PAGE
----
Aug 3, 2017

Bipartisan senators to introduce bill to protect Mueller

J. Scott Applewhite / AP

Two bipartisan senators on the Senate Judiciary Committee — Republican Sen. Thom Tillis and Democratic Sen. Chris Coons — plan to introduce a bill today designed to protect Special Counsel Robert Mueller from interference as his Russia probe continues, per CBS News.

What the bill would do: It would take the decision to fire a special counsel out of the hands of the president, granting the authority only to the most senior Department of Justice official heading the investigation. Additionally, it would allow a fired special counsel to challenge their removal in front of a panel of federal judges — with a guarantee that the case would be heard within two weeks.

Why it matters: The move shows that protecting the integrity of the government's Russia investigation is a rare issue that manages to bridge partisan divides in Washington. Additionally, it indicates the respect for Mueller on both sides of the aisle.

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Trump threatens to deploy military amid national unrest

President Trump announced from the White House Rose Garden Monday evening that he is "mobilizing all available federal resources, civilian and military" to stop violent protests across the country, decrying "professional anarchists, looters, criminals, antifa and others" whose actions have "gripped" the nation.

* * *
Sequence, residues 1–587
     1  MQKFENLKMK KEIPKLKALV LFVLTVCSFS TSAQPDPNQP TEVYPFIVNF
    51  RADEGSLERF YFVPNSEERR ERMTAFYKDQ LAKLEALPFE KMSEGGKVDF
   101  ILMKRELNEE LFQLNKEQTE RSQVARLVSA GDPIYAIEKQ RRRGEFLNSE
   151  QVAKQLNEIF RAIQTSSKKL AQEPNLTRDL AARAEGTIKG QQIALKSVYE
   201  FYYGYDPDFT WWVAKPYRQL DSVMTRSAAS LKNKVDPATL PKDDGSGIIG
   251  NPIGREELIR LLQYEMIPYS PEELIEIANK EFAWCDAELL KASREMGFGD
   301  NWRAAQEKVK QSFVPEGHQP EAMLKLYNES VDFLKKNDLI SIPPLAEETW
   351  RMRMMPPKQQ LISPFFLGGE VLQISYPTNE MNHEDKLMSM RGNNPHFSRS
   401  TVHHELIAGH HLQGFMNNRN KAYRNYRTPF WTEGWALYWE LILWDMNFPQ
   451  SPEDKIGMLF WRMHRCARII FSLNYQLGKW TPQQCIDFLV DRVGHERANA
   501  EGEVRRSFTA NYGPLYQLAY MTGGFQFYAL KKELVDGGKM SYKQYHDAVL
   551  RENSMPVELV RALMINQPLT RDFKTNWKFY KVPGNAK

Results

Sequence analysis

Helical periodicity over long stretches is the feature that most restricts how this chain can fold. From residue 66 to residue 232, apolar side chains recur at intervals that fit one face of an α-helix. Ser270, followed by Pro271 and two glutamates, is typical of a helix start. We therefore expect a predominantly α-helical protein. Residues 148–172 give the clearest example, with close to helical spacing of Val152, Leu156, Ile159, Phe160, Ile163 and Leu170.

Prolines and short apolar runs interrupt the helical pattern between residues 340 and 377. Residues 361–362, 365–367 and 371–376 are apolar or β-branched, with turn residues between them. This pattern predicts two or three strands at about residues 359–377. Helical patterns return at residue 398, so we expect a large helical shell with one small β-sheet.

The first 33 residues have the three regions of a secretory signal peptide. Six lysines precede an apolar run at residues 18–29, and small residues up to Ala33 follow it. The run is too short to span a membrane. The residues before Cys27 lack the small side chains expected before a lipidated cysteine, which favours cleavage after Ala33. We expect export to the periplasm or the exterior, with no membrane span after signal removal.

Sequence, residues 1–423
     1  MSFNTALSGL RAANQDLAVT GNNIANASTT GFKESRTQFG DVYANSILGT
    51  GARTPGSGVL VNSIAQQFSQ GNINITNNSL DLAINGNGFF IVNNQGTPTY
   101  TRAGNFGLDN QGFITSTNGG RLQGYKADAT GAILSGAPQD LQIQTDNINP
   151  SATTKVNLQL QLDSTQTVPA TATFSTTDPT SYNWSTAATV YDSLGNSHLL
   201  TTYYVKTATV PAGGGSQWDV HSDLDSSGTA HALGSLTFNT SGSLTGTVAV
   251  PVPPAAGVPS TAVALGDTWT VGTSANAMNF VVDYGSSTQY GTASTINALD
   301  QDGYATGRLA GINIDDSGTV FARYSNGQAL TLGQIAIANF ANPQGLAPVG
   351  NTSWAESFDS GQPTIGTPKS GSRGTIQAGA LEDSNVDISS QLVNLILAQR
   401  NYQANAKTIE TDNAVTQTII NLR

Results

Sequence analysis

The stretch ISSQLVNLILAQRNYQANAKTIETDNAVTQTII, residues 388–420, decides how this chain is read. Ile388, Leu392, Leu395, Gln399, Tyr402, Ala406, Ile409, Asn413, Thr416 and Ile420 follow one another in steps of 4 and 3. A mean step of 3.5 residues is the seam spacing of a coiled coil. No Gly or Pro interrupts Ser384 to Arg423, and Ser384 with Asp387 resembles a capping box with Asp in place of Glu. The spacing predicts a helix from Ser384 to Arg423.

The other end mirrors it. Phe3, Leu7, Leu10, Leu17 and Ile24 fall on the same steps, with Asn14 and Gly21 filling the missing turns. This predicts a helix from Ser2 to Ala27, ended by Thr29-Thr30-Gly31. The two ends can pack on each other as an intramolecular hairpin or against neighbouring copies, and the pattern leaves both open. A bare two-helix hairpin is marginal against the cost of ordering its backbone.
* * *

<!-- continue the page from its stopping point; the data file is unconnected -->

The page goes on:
The backdrop: Trump's announcement came as police clashed with protesters just outside of the White House, using tear gas and rubber bullets to disperse crowds chanting, "Hands up, don't shoot," and other slogans. Flash bangs used outside the White House could be heard from the Rose Garden.

Updated 1 hour ago - Politics & Policy

Autopsies say George Floyd's death was homicide

Police watch as demonstrators block a roadway while protesting the death of George Floyd in Miami. Photo: Joe Raedle/Getty Images

Preliminary results from an independent autopsy commissioned by George Floyd's family found that his death in the custody of Minneapolis police officer Derek Chauvin was "homicide caused by asphyxia due to neck and back compression that led to a lack of blood flow to the brain," according to a statement from the family's attorney.

The latest: An updated official autopsy released by the Hennepin County medical examiner also determined that the manner of Floyd's death was "homicide," ruling it was caused by "cardiopulmonary arrest complicating law enforcement subdued, restraint, and neck compression."

The Biden-Trump split screen

Photos via Getty Images: Jim Watson/AFP (L); Yasin Ozturk/Anadolu Agency (R)

The differences between former Vice President Joe Biden and President Trump are plain as day as the two respond to recent protests.

Why it matters: Americans are seeing firsthand how each presidential nominee responds to a national crisis happening during a global pandemic.